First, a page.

"Tomatoes were one of her favorite foods. She used to walk through our garden and just eat them off the bush," Ms. Wall said. "So we put a tomato plant on top of her grave. Now, she can eat all the tomatoes she could ever want."
As of Thursday, no incident report had been completed by the officers involved in the shooting.
And after Stewart and West were questioned about why the document did not exist -- the narrative on the report would give the officers' accounts of what happened -- they said one would be put together eventually.
Friday morning, it appeared.
Officer Edmund Gillette, the officer who shot Rika, said much of what Stewart and West offered as to what transpired that night -- although neither had spoken yet with Gillette when they did so.
The dog charged him, the report said.
Then, after shooting Rika -- the shots sent her to the ground -- the dog "got back up again," he continued.
And that is why he fired the additional shots.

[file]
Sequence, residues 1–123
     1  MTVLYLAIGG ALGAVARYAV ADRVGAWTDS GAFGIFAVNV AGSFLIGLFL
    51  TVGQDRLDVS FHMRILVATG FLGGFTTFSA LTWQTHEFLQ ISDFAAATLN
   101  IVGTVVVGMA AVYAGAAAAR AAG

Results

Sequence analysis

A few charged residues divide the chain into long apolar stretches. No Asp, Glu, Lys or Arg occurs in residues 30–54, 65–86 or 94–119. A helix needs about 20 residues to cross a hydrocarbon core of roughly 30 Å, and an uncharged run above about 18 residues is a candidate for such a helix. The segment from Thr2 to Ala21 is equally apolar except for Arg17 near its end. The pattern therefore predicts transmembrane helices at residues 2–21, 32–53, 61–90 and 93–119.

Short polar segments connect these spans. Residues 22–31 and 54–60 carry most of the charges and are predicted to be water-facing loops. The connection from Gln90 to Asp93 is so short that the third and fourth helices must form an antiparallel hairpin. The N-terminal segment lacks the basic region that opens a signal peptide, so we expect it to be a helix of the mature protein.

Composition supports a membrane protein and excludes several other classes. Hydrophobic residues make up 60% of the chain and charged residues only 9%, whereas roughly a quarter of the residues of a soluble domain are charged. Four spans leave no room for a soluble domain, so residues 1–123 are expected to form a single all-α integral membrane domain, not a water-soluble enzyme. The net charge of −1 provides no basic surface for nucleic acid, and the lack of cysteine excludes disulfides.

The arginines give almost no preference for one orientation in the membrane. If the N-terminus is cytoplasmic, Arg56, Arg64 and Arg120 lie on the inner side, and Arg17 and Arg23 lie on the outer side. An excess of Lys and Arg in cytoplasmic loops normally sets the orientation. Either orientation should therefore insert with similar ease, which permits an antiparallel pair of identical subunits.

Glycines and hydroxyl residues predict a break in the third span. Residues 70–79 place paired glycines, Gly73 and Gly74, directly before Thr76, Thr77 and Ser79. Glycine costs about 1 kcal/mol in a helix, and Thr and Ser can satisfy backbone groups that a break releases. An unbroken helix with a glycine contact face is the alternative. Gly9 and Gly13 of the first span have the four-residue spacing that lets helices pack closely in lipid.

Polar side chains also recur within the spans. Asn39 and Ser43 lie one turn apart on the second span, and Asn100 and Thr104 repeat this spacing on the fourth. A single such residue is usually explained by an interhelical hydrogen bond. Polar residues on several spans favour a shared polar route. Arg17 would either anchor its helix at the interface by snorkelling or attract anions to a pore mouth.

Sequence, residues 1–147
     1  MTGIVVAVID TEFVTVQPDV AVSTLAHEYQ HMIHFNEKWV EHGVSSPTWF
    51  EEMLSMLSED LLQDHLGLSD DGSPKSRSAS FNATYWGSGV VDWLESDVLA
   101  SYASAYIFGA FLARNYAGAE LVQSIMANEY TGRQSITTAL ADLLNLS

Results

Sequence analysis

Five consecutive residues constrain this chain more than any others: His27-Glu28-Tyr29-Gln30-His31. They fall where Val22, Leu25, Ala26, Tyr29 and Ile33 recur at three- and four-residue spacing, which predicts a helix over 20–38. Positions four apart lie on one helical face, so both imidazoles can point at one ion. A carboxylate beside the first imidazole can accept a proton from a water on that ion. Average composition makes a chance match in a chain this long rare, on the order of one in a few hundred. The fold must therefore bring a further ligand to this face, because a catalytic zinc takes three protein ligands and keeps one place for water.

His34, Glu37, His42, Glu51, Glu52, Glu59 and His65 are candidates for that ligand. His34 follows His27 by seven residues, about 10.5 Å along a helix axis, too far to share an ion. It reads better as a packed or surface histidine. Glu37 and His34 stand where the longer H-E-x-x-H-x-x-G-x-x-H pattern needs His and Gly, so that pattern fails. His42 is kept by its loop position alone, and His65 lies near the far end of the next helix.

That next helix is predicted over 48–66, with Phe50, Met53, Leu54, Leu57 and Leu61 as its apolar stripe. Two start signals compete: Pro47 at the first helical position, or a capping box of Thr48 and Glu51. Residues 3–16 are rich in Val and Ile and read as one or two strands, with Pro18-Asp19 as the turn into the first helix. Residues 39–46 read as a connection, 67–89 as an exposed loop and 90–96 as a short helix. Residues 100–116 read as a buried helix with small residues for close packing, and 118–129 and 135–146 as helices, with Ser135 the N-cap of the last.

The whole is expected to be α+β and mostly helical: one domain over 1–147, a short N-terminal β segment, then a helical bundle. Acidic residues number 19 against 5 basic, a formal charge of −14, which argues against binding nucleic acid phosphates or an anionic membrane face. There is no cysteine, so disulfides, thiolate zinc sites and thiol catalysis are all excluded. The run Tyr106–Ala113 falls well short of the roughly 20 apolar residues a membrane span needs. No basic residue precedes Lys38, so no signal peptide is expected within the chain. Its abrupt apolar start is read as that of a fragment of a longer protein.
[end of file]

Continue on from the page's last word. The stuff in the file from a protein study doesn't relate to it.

Stewart, this morning, said he did hear that one of the officers whistled for the dog.
"But that was a block and a half away," he said.
And he said he believed Gillette's account of what happened.
"I have to believe him," he said. "If that's what he said happened, that's what happened."
Ms. Wall isn't moved by the department's denial of her eyewitness account -- one that has been corroborated by two people who were on Carolina Street when the shots were fired who asked to remain anonymous because they "don't want to be harassed" by police.
"I don't (care) what they deny," she said. "I saw him standing over my dog. I saw him shoot her three times when she was lying on the ground."